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Tuesday, January 26, 2010

Little Hands Helping Haiti

By Rachel H

When an event such as the earthquake in Haiti hits the news, hearts are touched and people want to do all they can to help. It is a perfect time to teach your children sympathy, generosity, and thoughtfulness. We wanted to highlight some of the things that children are doing around the Triad to help raise funds for Haiti, but also to give you inspiration to do things like this with your children all year round. Whether you raise money for a family whose home was recently burned to the ground, or help out a family whose parents are out of work, or collect funds for a child overseas, all of these things will build an awareness in your child that will last for years.

I am excited to share with you how little hands in the Triad are making a big difference for many others in Haiti ...

Laura Ellison's oldest son, Sam, was inspired by a clip that ran on ABC News featuring Laura's former boss and friend, Miles Wright. Miles was making a rescue trip to Haiti, and the Ellisons had been praying for his safety and for his friend he was going to help. Sam had plenty of questions and seemed to be very worried.

So, the next day they made some signs and sat outside their home in Greensboro for two hours in the sunshine with some lemonade and limeade. Laura told Sam that she and her husband would triple any amount that was raised. The day of the lemonade stand, Sam made $95, and that total is now $105. He really wanted to stick us with a big bill and we were happy to triple any amount he made! All the money went to Hearts with Haiti, the organization that Bill Nathan runs. Laura says, "Sam is a great kid, but I honestly was very impressed with how seriously he took this. He said that it really made him feel good to do something for someone else."

Martha Chamberlin, a teacher at Knollwood Baptist Preschool in Winston remembers a student coming to school last week and asking, "Did you know there was another earthquake in Haiti?" as he described the tremor or aftershock of the earthquake in Haiti. Even the youngest children in the school were aware of this tragic event. The school decided to send letters home to parents and each classroom kept a collection bag outside their classroom door.

As students walked down the hall and saw each bag, a discussion was stimulated. They asked questions such as, "Why do the bags have a picture of a medical kit?" and "What are they going to do with the supplies we collect?"
This obviously transgressed into a heartfelt discussion and what the children could do to help. You can tell by the smiles on their faces in the photos that they were glad that they were doing something good. They helped load up all the goods collected on Friday and felt terrific that their little hands had contributed to helping someone in need.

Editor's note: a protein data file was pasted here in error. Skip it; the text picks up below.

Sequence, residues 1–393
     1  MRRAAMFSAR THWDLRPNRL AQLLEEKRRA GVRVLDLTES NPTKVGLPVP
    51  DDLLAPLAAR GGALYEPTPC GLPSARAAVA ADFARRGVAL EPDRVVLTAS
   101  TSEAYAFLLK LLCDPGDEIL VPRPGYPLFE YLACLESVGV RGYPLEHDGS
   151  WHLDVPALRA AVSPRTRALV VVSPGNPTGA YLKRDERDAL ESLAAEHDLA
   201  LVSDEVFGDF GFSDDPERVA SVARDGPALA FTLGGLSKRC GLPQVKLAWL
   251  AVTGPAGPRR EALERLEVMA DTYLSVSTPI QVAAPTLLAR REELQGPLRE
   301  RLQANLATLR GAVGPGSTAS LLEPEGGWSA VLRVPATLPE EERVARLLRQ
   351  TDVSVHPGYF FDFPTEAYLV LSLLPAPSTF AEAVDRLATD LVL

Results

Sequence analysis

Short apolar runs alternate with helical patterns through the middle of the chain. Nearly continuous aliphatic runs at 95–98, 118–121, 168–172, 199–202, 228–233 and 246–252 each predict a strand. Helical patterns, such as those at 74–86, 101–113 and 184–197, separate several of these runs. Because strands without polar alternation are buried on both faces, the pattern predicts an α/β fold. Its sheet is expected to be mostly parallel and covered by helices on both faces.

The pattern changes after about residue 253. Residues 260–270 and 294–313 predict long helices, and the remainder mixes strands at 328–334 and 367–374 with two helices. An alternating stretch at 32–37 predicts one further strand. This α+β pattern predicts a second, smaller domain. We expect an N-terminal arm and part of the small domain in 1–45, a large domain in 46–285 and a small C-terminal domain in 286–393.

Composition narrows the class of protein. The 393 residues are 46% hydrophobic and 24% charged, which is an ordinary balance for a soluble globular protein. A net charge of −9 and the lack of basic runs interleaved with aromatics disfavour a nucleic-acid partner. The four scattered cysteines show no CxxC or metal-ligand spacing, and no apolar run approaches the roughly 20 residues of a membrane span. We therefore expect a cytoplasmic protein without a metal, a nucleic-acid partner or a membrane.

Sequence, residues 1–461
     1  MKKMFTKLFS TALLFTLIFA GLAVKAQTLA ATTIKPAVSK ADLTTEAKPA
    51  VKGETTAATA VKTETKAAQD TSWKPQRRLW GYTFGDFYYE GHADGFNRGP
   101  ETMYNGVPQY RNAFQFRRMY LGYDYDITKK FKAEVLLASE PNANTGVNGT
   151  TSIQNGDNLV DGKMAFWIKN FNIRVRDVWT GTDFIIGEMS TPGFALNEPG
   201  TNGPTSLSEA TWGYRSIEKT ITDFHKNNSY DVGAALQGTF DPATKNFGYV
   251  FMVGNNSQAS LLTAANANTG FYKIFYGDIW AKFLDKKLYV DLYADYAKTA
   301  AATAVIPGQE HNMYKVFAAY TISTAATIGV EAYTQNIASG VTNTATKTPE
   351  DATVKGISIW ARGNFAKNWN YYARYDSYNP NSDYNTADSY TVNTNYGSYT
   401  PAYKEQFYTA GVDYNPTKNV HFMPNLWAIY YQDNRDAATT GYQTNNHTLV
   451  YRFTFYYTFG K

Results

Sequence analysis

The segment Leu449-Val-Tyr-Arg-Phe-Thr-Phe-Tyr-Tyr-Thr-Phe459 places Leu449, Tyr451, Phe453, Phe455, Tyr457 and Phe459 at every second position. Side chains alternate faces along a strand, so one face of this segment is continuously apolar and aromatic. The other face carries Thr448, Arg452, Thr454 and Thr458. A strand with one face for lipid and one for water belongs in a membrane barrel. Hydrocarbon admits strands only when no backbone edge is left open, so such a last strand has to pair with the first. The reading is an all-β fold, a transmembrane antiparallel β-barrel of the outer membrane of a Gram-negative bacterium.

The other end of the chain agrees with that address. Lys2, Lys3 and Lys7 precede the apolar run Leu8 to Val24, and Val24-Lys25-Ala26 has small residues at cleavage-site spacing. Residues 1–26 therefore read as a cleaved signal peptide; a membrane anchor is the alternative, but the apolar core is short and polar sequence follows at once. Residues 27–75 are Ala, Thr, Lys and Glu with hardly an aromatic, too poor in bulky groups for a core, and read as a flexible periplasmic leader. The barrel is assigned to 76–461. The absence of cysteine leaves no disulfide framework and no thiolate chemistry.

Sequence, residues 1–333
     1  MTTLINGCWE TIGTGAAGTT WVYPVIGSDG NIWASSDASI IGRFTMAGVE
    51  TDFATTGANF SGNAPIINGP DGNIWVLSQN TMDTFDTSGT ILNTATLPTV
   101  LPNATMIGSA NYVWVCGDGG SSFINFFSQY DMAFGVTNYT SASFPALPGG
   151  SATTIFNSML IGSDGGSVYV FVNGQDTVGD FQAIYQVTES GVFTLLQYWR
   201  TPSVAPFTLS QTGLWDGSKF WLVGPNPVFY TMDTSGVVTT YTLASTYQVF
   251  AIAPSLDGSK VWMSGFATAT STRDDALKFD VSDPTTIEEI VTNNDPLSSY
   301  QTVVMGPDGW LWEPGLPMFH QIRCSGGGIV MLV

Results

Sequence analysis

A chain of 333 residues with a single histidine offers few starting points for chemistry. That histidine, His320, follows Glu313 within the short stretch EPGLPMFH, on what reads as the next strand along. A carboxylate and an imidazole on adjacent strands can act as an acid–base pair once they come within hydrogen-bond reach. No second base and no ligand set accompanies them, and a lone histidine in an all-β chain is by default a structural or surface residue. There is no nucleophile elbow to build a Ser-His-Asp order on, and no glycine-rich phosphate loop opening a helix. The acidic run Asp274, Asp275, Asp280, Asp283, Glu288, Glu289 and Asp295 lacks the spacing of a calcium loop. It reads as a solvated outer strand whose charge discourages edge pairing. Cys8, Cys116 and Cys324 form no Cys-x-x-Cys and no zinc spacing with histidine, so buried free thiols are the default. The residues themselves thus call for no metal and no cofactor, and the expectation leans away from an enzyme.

The fifth graders at Meadowlark Elementary in Winston Salem decided they wanted to raise money for Haiti. One of their teachers, Martha Bethel, came up with the idea of a "Yard Sale" where the students would go home and find items that they could sell. She had introduced this idea a few years ago after Hurricane Katrina, and thought it would be the perfect time to do something like this again. The students found and priced their own items and brought them to school on Friday for the "in-school yard sale." Each grade level, K-5, was invited to stroll through the classrooms to shop. Each student had their own "store" on their desk displaying the items they had for sale.

Needless to say, the shoppers had a blast, and by the end of the day, the fifth graders had become fabulous salespeople! How could you turn them down when the money was going to help people in Haiti?
This idea was fabulous for so many reasons. Not only were students raising money, but they went through their own things and decided what they would give up in order to help raise money for someone else. Their hard work through this entire process helped them to feel so confident in their ability to help others. By the end of the yard sale, the fifth graders had sold $2635.00 worth of toys, books, and stuffed animals!

Have your children or has someone you know gone the extra mile to help someone in need? Please share your story with us below!


Jen P. said...

Powerful, powerful stuff! Hats off to these 'lil Smarties!

Beth said...

One child that I was absolutely impressed with was Kate Pollard, who I think you featured over Christmas break. She started Girls Rule and I had heard about her story from many people. I enjoyed reading more about her here on Triad Smarty Pants. It is incredible what a kid can do to change the world!

Anonymous said...

Hooray for the little ones! I am so excited with all of these little things going on in our area. They make a huge impact!

Rachel H said...

To Beth above - YES! Kate Pollard is an incredible young lady and we loved featuring her here on TSP. For any of you who missed it, here is the link to her blog.

Kelly G. said...

I love that our preschool, Knollwood, used this teachable moment about helping other children. Compassion and giving can't start early enough.

Katie M said...

Great post today, Rachel! And here's a shout out to my daughter's school: Meadowlark Elementary! Good job!!

Mariela said...

This is great! Thank you so much for sharing!

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